- impose a materiality threshold on the transactions for which the transfer pricing documentation is mandatory;

There are cases in which the cost for preparing the transfer pricing documentation is higher than the additional profit tax a company should pay for the expenses generated by the respective transaction, which would be deemed tax non-deductible. Thus, to set a threshold of about EUR 15,000 on transfer pricing documentation for a transaction would be a convenient measure.

- accept the inclusion of companies recording tax loss in the comparative analysis.

In the present-day economic context, it is quite natural for some activities to generate losses and the determination of comparability with companies recording profit only is unreasonable. As I have mentioned above, the State should be a fair partner of taxpayers, both in profit and in loss.





The request for the introduction of the concept of holding company into the Romanian legislation, with advantages from a tax perspective, has been a leitmotif of meetings between representatives of the business environment and of the relevant authorities.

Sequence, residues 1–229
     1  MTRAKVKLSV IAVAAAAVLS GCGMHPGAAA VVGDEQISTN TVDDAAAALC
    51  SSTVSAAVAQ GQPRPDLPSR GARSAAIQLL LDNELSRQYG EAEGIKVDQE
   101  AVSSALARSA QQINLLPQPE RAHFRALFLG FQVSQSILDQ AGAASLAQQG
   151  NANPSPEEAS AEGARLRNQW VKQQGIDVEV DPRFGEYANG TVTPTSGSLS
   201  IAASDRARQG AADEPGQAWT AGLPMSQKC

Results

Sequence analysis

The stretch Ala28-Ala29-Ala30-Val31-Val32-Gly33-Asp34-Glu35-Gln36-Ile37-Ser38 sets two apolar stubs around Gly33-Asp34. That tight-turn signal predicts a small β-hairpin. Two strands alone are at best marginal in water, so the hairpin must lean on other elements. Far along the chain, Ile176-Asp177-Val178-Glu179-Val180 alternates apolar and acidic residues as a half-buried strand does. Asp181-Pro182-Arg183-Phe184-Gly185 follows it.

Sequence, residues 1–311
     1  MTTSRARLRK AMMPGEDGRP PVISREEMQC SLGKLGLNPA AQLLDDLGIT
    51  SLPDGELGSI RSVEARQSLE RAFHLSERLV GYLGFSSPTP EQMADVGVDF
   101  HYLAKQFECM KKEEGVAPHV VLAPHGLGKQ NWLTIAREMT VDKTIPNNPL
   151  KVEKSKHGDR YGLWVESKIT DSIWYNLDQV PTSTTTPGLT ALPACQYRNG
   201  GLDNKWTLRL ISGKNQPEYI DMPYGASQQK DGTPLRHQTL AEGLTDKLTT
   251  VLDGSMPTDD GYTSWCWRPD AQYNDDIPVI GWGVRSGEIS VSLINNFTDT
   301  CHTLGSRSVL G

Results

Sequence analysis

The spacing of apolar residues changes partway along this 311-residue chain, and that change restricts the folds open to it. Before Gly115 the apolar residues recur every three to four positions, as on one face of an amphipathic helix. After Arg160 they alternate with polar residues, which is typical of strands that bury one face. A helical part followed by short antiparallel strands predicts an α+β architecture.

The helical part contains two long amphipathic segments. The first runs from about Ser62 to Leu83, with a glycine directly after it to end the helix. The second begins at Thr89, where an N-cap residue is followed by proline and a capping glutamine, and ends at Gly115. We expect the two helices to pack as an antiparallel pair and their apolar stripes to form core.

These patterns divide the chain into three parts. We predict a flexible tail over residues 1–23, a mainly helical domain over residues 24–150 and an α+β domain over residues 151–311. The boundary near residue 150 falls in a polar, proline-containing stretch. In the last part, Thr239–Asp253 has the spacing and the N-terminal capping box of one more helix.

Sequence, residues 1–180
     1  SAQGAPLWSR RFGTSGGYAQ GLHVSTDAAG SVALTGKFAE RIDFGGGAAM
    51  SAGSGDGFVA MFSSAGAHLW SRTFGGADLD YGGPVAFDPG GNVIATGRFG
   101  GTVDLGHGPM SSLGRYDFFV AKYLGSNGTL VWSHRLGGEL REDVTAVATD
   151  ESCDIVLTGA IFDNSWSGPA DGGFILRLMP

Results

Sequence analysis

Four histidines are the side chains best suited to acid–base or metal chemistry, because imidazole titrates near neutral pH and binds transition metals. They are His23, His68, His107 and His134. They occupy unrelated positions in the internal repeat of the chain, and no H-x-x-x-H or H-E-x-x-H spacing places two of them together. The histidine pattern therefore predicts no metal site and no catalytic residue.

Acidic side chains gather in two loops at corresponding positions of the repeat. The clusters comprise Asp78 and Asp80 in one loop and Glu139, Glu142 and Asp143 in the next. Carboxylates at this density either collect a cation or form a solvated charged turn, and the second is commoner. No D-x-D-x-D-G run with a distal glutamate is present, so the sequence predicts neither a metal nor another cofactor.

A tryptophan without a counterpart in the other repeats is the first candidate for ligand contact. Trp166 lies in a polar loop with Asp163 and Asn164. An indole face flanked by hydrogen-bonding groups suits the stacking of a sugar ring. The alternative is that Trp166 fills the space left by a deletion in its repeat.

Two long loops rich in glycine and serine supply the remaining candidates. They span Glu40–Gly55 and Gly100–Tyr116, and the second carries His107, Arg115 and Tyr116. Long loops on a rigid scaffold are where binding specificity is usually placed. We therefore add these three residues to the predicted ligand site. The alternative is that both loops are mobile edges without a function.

A holding company is a company with controlling shareholdings in one or more other companies, benefiting from a special tax system, i.e. it does not pay profit tax on investment income. Investment income comprises dividends received proportionately to the shareholdings, interest on credits, royalties invoiced for the assignment of copyrights to business partners.

As long as the income is used for another investment, no tax shall be levied thereon, as it is already imposed on the payer of that income. However, tax on dividends will be paid when the owner of the holding company uses amounts thereof for its own consumption.

This system is required for two main reasons:

- stimulation of Romanian (or foreign) enterprisers carrying on business in Romania to maintain their capitals in the country and not transfer them to other jurisdictions;

- development of the services industry (financial and accounting, tax and legal advisory services, etc.) of holding companies that may offer jobs to Romanians (there are countries where the relevant legislation provides for the obligation of holding companies to employ at least one individual of the respective country).